Abdul Alhazred wrote:How close are we to the point where the maximum number of bitcoins has been "mined"?
2145. This graph goes to 2033

Witness
Posts: 19325
Joined: Thu Sep 19, 2013 5:50 pm

Bitcoin to use 0.5% of world’s electricity by end of 2018

London: Bitcoin, one of the most popular cryptocurrencies, currently uses almost as much power as Ireland does, and could be consuming about 0.5% of the world’s total electricity by the end of this year, a study has found.

Bitcoin’s burgeoning electricity demands have attracted almost as much attention as the cryptocurrency’s wildly fluctuating value. However, estimating exactly how much electricity the bitcoin network uses, necessary for understanding its impact and implementing policy, remains a challenge.

“We’ve seen a lot of back-of-the-envelope calculations, but we need more scientific discussion on where this network is headed. Right now, the information available is pretty poor quality overall, so I’m hoping that people will use this paper as a foundation for more research,” said economist and blockchain specialist Alex de Vries, who works at PwC in the Netherlands.

The estimates, based in economics, put the minimum current usage of the bitcoin network at 2.55 gigawatts, which means it uses almost as much electricity as Ireland. A single transaction uses as much electricity as an average household in the Netherlands uses in a month. By the end of this year, he predicts the network could be using as much as 7.7 gigawatts—as much as Austria and 0.5% of the world’s total consumption.

“To me, half a per cent is already quite shocking. It’s an extreme difference compared to the regular financial system, and this increasing electricity demand is definitely not going to help us reach our climate goals,” he said. If the price of bitcoin continues to increase the way some experts have predicted, De Vries believes the network could someday consume 5% of the world’s electricity.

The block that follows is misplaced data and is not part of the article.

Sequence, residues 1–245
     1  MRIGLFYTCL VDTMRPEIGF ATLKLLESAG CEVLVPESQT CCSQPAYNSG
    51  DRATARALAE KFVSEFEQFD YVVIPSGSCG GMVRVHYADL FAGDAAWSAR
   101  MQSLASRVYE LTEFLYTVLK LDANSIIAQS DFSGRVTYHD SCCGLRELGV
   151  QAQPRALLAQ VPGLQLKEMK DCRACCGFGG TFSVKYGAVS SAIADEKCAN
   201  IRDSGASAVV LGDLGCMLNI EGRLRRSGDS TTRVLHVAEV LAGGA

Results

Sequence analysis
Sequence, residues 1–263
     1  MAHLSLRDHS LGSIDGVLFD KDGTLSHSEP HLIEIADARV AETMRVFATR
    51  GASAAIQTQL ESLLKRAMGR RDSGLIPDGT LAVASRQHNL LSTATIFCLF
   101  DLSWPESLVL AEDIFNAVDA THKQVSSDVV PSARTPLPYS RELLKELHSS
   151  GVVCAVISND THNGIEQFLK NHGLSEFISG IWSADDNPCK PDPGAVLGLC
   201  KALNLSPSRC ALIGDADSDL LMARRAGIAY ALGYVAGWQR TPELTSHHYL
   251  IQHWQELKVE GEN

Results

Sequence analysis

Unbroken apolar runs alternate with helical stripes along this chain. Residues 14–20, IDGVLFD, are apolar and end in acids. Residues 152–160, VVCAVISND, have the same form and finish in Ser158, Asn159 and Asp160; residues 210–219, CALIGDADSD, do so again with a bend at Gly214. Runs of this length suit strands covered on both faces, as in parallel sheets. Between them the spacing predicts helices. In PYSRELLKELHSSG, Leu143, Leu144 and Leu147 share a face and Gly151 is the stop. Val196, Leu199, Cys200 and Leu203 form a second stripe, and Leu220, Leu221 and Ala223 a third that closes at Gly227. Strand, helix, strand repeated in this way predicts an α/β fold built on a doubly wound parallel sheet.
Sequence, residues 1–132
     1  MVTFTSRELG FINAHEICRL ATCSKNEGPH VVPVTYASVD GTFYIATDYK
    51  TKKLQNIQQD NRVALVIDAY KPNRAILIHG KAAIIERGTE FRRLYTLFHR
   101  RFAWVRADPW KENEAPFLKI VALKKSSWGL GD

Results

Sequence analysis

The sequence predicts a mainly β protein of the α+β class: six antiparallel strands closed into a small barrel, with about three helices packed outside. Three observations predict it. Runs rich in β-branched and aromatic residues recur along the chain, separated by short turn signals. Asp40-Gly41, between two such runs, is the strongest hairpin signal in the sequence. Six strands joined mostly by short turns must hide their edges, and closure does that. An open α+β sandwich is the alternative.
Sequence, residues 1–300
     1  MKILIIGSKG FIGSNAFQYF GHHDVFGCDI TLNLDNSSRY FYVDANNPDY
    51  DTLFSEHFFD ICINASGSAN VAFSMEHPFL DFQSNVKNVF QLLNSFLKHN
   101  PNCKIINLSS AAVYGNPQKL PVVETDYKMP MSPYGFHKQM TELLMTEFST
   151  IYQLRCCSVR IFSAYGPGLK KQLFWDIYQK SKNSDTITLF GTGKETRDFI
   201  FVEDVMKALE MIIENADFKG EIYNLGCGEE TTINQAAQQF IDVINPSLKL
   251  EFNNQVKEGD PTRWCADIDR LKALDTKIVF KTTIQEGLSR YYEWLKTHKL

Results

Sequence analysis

https://www.livemint.com/Money/3wU3b1Iu ... -2018.html

Abdul Alhazred
Posts: 73784
Joined: Mon Jun 07, 2004 1:33 pm
Title: Yes, that one.
Location: Chicago

How does that compare to the amount of electricity used by cam whores?
Any man writes a mission statement spends a night in the box.
-- our mission statement plappendale

Anaxagoras
Posts: 23495
Joined: Wed Mar 19, 2008 5:45 am
Location: Yokohama/Tokyo, Japan

Jesus, that's a lot of electricity.
Abdul Alhazred wrote:How does that compare to the amount of electricity used by cam whores?
I don't know, but somebody has calculated how much electricity it takes to run the Internet.

https://www.forbes.com/sites/christophe ... dd9ef41fff
America’s myriad server farms and data centers operate 100 million drives that hold 350 million terabytes of data — everything from your decade-old emails to lolcat videos and the collected offerings of Netflix NFLX -0.3%.